Because, because asking them questions, they’re not able to talk. Once they go into a full blown meltdown, they absolutely are far away from their thinking brain. They can’t speak. So you can’t ask them questions. So what you would do then if they go to a full blown meltdown mode is just to describe what you see. So you’d say something like your fists are clenched. Your eyes are shut right now. I could see your voice is so loud. I can tell you’re really frustrated or mad or, you know, and you just describe it. So, so you’re just describing you have this look like this, and you don’t want, you wanna kind of match their intensity. I see. You’re so mad. Oh my gosh, I see your faces.
0 (12m 19s):
All Titans crunched up, or your eyes are closed. You wanted to describe what your seeing, okay, this will allow your child to feel seen and understood. And ultimately the like look at you when they look at you because you’ve described it. That’s basically them saying, I feel seen and understood. And once they look at you right now, you have your helping them to shift out of that lower part of their brain. And then you want it. And then you want to continue helping them develop these lacking skills. You’re on a model, some breathing. And You, so you’ll say, you’ll start in your wanting to say out loud with little kids, I’m sniffing the flowers, sniffing the flowers, gently blowing out the bird.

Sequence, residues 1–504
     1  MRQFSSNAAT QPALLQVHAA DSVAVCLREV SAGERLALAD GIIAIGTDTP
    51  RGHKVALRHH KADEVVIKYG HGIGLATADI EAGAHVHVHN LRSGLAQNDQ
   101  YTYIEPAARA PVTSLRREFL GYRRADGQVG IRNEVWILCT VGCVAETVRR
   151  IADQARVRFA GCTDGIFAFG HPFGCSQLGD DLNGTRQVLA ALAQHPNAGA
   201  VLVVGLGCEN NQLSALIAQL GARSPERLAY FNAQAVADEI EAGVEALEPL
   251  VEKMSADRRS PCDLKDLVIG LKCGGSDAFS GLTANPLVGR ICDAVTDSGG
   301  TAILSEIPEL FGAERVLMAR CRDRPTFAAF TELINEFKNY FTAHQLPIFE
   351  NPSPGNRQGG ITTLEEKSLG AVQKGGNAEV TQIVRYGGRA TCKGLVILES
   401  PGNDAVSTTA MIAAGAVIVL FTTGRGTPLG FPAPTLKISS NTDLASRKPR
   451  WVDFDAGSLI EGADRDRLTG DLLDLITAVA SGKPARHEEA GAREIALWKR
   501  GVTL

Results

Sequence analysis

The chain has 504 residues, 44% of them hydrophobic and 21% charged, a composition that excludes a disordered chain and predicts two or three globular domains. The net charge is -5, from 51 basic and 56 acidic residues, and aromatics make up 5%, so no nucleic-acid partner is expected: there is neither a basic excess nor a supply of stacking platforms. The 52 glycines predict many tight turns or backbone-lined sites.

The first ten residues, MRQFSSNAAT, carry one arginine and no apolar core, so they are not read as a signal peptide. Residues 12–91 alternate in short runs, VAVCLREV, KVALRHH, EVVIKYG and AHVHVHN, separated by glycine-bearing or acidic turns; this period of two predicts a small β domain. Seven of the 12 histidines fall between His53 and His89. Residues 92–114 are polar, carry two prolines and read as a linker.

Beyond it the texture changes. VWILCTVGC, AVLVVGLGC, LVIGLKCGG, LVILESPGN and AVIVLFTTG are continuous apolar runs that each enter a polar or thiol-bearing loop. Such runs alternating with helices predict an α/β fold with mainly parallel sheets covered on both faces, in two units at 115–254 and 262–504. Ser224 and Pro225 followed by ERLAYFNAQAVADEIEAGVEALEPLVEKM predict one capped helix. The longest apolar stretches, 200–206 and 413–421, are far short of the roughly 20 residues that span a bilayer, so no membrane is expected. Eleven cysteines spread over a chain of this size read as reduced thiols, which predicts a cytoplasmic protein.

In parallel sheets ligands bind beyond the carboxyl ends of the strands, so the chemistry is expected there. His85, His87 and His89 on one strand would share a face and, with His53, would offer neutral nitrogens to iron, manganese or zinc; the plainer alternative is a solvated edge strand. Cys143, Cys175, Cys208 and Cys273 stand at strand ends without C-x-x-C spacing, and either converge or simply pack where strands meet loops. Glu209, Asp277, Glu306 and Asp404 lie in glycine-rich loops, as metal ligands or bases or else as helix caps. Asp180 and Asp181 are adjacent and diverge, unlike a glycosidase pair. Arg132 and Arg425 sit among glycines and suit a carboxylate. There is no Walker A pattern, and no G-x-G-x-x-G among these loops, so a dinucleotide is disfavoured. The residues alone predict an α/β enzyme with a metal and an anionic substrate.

0 (13m 9s):
They can also Now doing this and breathing you breathing and describing yourself, flute, breathing. What it does is it allows their mirror neurons to kick in and then they’ll follow your lead. So when they are their mirror neurons kick in quite like, this is why when someone yawns and you yawn too, they’re gonna follow your lead on this. So you’re going to, Model the breathing, the minute they start to, you know, they eat, they, they look at you. And then after you’ve, you’ve been breathing a little bit and you see that they are breathing. That’s when you can use the Empathy that’s when they are gonna start talking, do you want to get them to start talking?
0 (13m 51s):